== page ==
Like most good technologists, I am lazy. In practice, this sometimes means that I will work quite hard with a computer to automate a task that, for all intents and purposes, just isn’t that hard. In fits and starts for the past 10 years, I have been automating my house in various ways. It makes my life easier when I am at home, though it does mean that friends who watch my house when I’m gone need to be briefed on how to use it. If you are expecting to come into my house and use light switches and the TV as you do every place else, well, that’s why you need a personalized orientation to the house.
In this post, I’ll talk briefly about one of the most basic automation tasks I’ve carried out, which is about how the lights in my house are controlled.
The humble light switch was invented in the late 19th century, with the “modern” toggle switch following in the early 20th century. The toggle switch has not changed in about 100 years because it does exactly what is needed and is well understood. The only disadvantage to the toggle switch is that you have to touch it to operate it, and that means getting off the couch.
My current home is an older home that was previously a storefront. All the plumbing is on one wall of the house, which I sometimes jokingly call “the wall of modernity.” The telephone demarc is on the opposite side, though I’ve made some significant modifications to the telephone wiring from the days when I was using Asterisk more extensively. As a large open space, there is not much built-in lighting, so most of the lights are freestanding floor lamps.
The initial “itch” that I was scratching with my first home automation project was a consistent forgetfulness to turn off lights when I went to bed — I would settle into bed up in the loft and then realize that I needed to get up and turn off a light. At that point, remote controlled lights seemed pretty darn attractive.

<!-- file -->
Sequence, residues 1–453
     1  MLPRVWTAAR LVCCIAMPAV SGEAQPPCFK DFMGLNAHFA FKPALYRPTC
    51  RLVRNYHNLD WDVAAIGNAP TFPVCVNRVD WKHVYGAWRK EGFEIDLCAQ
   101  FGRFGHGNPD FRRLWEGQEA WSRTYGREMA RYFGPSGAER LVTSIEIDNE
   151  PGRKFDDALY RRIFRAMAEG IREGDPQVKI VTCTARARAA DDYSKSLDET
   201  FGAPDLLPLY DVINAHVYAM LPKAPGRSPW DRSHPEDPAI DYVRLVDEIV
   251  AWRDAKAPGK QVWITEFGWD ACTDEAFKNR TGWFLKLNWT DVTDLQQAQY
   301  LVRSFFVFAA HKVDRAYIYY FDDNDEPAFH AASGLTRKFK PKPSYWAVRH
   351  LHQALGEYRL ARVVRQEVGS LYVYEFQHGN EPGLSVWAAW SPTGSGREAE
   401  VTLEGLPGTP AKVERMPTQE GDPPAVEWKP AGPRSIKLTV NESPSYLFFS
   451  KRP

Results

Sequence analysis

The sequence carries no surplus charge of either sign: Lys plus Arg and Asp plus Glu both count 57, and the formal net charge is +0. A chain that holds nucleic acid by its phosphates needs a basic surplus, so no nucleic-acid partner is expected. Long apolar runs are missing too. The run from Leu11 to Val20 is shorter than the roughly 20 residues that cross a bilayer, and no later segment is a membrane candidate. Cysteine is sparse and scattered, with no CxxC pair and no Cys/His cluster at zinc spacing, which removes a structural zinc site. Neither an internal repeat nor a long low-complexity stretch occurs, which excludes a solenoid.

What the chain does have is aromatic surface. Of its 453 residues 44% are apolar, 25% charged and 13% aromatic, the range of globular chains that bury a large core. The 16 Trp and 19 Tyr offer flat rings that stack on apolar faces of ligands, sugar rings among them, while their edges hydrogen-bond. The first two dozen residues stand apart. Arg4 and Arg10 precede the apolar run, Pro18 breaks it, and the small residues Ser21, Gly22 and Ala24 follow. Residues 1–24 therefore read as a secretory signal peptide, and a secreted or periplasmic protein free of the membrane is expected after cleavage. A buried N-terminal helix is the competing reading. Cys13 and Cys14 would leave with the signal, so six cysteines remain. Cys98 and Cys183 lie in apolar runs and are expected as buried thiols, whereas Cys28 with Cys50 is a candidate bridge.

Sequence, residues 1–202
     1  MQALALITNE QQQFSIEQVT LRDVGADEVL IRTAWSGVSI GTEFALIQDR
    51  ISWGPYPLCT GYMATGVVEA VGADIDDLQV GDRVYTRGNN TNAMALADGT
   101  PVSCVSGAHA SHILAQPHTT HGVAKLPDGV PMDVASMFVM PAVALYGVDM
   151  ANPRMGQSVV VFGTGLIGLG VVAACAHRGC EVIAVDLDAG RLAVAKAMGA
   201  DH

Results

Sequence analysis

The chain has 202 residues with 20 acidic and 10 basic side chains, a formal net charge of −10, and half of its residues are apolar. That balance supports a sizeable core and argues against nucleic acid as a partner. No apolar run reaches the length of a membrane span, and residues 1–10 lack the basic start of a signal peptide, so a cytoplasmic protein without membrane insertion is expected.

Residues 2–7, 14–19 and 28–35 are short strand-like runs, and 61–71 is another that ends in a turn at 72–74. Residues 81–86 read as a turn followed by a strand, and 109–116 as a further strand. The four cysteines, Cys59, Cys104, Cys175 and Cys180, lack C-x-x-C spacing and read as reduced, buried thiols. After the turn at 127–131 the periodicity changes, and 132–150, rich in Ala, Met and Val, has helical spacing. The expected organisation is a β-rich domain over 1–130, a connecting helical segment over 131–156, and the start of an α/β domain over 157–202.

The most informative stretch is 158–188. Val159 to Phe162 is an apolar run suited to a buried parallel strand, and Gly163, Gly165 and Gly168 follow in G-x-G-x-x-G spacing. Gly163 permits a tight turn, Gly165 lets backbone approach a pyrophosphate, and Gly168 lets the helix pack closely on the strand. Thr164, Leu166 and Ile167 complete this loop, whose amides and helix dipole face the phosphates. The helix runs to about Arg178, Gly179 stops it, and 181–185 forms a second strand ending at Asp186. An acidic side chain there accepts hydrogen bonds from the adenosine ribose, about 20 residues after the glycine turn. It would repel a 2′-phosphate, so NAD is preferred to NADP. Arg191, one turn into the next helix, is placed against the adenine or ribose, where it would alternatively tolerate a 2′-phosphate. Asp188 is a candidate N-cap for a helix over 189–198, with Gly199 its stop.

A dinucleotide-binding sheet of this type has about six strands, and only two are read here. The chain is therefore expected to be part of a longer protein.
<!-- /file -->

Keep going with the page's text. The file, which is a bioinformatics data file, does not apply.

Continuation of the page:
My first lighting automation was done with Insteon, a superset of the venerable 1970s-era X10 protocol. With Insteon controls, I could use an RF remote and toggle lights on and off from a few locations within the house.
With the hardware in place, I turned to finding software. An RF remote is a good start, but I wanted to eliminate even that. What I found is that the home automation community doesn’t really have off-the-shelf software that “just works” and lets you start doing things out of the box. I used Mister House for a while, but at the time I was using it, the Insteon support was pretty new. I worked with a friend writing some automation code — well to be honest, being a tester for him, but we were solving problems unique to our homes, not writing something that was ultimately going to be the answer for our parents.
Earlier this year, I was introduced to IFTTT, which stands for “If This, Then That.” It is the closest thing I have seen to a generic software stack that can readily be used for home automation purposes. IFTTT can be used for much more than just home automation, but I’m going to stick to that restricted use for the purpose of this post.
There is much to like about IFTTT, so I’ll focus on just a few attributes:
- Programming without knowing programming. I’ve taken enough computer science courses to know how to write a program, but I’m not good enough to be a professional programmer. IFTTT lets you write rules — essentially, programs that control objects in the physical world — without the high bar of learning specialized syntax or all the system administration work that goes along with running a program.
- Extending control beyond my home. Traditional home automation has been based on sensors inside the home. In order to respond to something, there needs to be a sensor to gather that data. To turn the lights on after dark, you need a sensor that tells your house it’s dark. To do something when it’s raining, you need a sensor that gets wet, and so forth. As you’ll see, IFTTT lets you choose a location and use information from Internet services to assemble the context.
- One of the cleanest and easiest designs I’ve seen. I know everybody brags about design, but IFTTT is so simple that a colleague of mine in sales uses IFTTT extensively. (Insert your own joke about the technical competence of sales representatives here.)
To act in the physical realm of my house, though, IFTTT requires devices that can take action. The Belkin WeMo is a family of products, including a remote-controlled electrical outlet, light switch, and motion sensor. The WeMo uses Wi-Fi to connect to my home network, so it can be controlled by any device on my network, or any service on the Internet.